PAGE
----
Ten cities agree to ban 'dirty' trucks
24 March 2006, AMSTERDAM — Ten Dutch cities have agreed to ban the worst polluting goods trucks from entering their city centres from the spring of 2007. Even stricter measures will be enforced in 2010 to cut air and noise pollution.
24 March 2006
AMSTERDAM — Ten Dutch cities have agreed to ban the worst polluting goods trucks from entering their city centres from the spring of 2007. Even stricter measures will be enforced in 2010 to cut air and noise pollution.
This is agreed in a covenant being signed in Tilburg on Friday by the local authorities, Environment junior minister Pieter van Geel and representatives of the transport sector.
The cities involved at Tilburg, Delft, Eindhoven, The Hague, Haarlem, Helmond, Den Bosch, Nijmegen, Rotterdam and Utrecht.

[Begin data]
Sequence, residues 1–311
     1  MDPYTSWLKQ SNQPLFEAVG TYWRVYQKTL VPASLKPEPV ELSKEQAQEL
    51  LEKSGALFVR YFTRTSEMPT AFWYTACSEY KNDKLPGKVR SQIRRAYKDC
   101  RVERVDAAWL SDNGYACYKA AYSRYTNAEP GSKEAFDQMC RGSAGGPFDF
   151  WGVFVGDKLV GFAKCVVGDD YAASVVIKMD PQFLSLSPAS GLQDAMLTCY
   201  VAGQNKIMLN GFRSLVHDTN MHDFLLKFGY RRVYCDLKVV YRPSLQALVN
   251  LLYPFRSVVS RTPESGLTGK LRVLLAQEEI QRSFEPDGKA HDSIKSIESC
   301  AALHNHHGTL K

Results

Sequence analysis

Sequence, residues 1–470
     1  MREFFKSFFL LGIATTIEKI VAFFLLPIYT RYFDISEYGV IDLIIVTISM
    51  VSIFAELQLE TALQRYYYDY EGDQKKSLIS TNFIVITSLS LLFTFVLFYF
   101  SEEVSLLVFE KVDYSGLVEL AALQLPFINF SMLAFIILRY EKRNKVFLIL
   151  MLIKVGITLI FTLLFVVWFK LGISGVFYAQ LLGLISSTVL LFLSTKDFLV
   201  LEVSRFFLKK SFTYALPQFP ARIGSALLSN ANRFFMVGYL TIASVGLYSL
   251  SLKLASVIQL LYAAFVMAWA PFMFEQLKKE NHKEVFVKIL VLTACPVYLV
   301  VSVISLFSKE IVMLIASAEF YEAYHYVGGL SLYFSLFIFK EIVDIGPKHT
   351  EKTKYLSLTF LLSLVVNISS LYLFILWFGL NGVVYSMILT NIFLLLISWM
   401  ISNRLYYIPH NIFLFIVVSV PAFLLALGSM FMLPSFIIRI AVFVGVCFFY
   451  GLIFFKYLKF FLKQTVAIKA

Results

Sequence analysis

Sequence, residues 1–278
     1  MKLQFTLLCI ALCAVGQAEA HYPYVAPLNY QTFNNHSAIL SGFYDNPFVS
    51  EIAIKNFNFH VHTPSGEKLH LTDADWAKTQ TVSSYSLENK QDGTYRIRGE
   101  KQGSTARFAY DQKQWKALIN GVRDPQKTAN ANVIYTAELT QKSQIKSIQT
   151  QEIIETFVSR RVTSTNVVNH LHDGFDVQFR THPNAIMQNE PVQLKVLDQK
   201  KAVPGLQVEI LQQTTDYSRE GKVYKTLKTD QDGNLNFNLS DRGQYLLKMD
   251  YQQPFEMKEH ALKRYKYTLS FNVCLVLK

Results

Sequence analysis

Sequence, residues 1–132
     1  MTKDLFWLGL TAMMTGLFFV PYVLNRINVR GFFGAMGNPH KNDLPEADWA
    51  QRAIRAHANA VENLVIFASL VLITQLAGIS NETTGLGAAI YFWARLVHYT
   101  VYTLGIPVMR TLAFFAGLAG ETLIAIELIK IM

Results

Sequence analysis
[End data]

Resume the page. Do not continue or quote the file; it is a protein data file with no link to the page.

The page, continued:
This time next year only good trucks fitted with soot filters and the latest engines will be allowed to operate within the centres of these cities. The rules will also apply to the municipalities' own vehicles. Van Geel is to work to get more cities to sign the covenant.
The transport sector originally did not support the plans by a number of municipalities to allow only the trucks with the most economical engines into the city centre. Following negotiations, Van Geel and the cities agreed to a more gradual introduction of the environmental zones.
The covenant also contains agreements on making it easier for transport companies to bring supplies to shops in the cities.
EVO, the umbrella body for transport companies, said it was pleased with the deal. "The knife cuts both ways. The environment is improved, in combination with measures to increase the efficiency of keeping the city centres supplied," EVO general manager Dick van den Broek said.
[Copyright Expatica News + ANP 2006]
Subject: Dutch news